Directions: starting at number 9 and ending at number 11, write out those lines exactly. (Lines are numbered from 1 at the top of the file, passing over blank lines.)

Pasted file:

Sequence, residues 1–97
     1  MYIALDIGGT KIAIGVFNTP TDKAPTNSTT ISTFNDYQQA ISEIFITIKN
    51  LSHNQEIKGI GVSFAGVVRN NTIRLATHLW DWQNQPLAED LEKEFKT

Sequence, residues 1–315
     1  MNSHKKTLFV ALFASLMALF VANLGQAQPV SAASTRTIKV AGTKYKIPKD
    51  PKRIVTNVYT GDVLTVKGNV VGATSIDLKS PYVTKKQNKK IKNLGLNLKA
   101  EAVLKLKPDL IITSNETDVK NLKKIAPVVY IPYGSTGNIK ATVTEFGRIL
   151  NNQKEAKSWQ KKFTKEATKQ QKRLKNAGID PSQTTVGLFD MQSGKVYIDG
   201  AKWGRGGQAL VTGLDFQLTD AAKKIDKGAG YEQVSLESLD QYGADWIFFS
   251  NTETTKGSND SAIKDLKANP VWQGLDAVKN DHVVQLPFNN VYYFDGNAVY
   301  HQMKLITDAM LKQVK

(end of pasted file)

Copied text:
   201  AKWGRGGQAL VTGLDFQLTD AAKKIDKGAG YEQVSLESLD QYGADWIFFS
   251  NTETTKGSND SAIKDLKANP VWQGLDAVKN DHVVQLPFNN VYYFDGNAVY
   301  HQMKLITDAM LKQVK